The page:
Transferring feast days to Sundays is an ecclesiastical concession to capitalism I have yet to come to terms with. I like allowing God to encroach on the working week. None the less, transfer we do, and the feast of Corpus Christi began with vespers this evening.
Corpus Christi is a highlight in the calender for me. The feast seems to have been introduced in response to a certain kind of medieval devotion to the Host which lacked theological balance – too many processions and stories of bleeding hosts, not enough taking and eating. Fortunately, what was lacking was restored (at least potentially) by St Thomas’ beautiful liturgy for the feast. This tells us amongst other things that Christ is not (contra the bleeding host tradition) present under the corporeal mode (or we could not sing ‘Whoso of this host partaketh, Christ divideth not nor breaketh’), and is present under the form of a sign (‘Here beneath these signs are hidden priceless things, to sense forbidden’); that the meal we share is (amongst other things) the memorial of a crucified man (‘At the last great supper lying’); and that the eucharist is a foretaste of the Kingdom (in fact, ‘the bread of angels’). That is Catholic belief about the eucharist summed up nicely: Jesus, condemned to death, gives his followers a meal. That meal is to be a sacrament of the risen Lord, looking back to his betrayal and death whilst celebrating his resurrection. In this meal he is really present (not metaphorically – there is no bread and wine on the altar) as priest and sacrifice, not as one human being is usually present to another, but under the form of signs. These signs remind us that we are still on a journey, this is food for the journey, manna in the desert, but also that our journey will find fulfilment in a Kingdom which scripture can find no better image for than a massive party with abundant food and drink. This understanding is neither reductionist, nor pietistically detached from the gritty stuff of day-to-day life and the animal acts of eating and drinking, which are the equal and opposite dangers in approaches to the eucharist. And for that reason, I always enjoy today’s feast.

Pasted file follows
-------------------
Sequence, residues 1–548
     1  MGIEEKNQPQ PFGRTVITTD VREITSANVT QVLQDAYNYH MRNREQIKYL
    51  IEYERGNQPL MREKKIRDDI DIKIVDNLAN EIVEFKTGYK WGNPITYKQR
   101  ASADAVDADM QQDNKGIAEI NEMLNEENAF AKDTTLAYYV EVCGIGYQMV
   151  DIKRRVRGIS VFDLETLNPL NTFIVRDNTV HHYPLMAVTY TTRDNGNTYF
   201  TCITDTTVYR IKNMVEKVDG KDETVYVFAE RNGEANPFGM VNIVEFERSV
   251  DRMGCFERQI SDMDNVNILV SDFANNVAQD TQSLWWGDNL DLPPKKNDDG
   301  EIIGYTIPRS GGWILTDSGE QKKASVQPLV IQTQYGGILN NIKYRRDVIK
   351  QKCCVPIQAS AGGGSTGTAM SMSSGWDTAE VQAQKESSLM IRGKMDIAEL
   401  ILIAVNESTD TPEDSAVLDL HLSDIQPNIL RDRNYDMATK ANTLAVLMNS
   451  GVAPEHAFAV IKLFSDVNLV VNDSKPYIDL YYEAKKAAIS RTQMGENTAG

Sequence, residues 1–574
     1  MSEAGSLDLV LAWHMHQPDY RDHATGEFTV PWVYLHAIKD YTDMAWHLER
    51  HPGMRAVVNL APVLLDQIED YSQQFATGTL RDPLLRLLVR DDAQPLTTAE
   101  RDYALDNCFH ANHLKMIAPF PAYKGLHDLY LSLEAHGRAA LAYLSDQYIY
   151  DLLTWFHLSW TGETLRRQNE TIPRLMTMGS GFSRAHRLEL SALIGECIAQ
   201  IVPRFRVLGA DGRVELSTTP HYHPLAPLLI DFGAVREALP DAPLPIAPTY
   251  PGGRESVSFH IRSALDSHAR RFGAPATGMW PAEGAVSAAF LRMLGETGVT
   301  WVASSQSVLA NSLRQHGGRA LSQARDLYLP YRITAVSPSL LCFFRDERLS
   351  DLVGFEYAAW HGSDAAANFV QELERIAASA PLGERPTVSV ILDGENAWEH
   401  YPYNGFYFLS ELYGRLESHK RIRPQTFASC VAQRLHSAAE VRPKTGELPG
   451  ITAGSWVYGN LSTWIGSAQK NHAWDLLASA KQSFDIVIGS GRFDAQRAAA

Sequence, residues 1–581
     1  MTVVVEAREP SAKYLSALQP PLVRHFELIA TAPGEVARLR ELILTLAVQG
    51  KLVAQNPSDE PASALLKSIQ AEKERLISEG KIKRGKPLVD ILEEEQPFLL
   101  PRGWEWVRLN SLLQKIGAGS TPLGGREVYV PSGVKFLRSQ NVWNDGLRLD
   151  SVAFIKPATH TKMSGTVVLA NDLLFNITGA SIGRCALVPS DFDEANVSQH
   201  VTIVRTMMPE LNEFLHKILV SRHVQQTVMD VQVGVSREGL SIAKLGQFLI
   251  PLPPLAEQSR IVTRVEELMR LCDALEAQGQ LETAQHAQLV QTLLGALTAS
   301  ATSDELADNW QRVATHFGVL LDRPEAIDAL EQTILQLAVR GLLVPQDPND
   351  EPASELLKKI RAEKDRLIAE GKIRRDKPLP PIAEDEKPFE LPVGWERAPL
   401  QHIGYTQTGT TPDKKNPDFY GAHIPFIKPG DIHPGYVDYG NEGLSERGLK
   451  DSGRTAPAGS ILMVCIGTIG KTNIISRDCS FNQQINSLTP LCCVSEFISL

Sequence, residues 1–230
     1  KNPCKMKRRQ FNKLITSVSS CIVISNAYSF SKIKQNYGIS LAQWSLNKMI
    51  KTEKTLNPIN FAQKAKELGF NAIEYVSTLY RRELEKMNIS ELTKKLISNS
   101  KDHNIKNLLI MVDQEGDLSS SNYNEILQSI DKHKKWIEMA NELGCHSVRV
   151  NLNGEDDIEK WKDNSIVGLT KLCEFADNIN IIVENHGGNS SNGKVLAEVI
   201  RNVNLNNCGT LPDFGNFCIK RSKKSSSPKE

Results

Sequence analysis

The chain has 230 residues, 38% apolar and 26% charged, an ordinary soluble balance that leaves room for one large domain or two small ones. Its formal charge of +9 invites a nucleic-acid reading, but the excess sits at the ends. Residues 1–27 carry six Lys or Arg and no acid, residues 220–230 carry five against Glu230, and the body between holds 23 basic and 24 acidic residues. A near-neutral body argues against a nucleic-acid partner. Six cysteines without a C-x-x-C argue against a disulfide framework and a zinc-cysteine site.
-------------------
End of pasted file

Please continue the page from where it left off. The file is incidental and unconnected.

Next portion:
In celebration, some chant (even if the images aren’t entirely agreeable in the light of my thoughts above):
This week, I liked Sara Maitland in the Guardian on the (Anglican) Walsingham National Pilgrimage.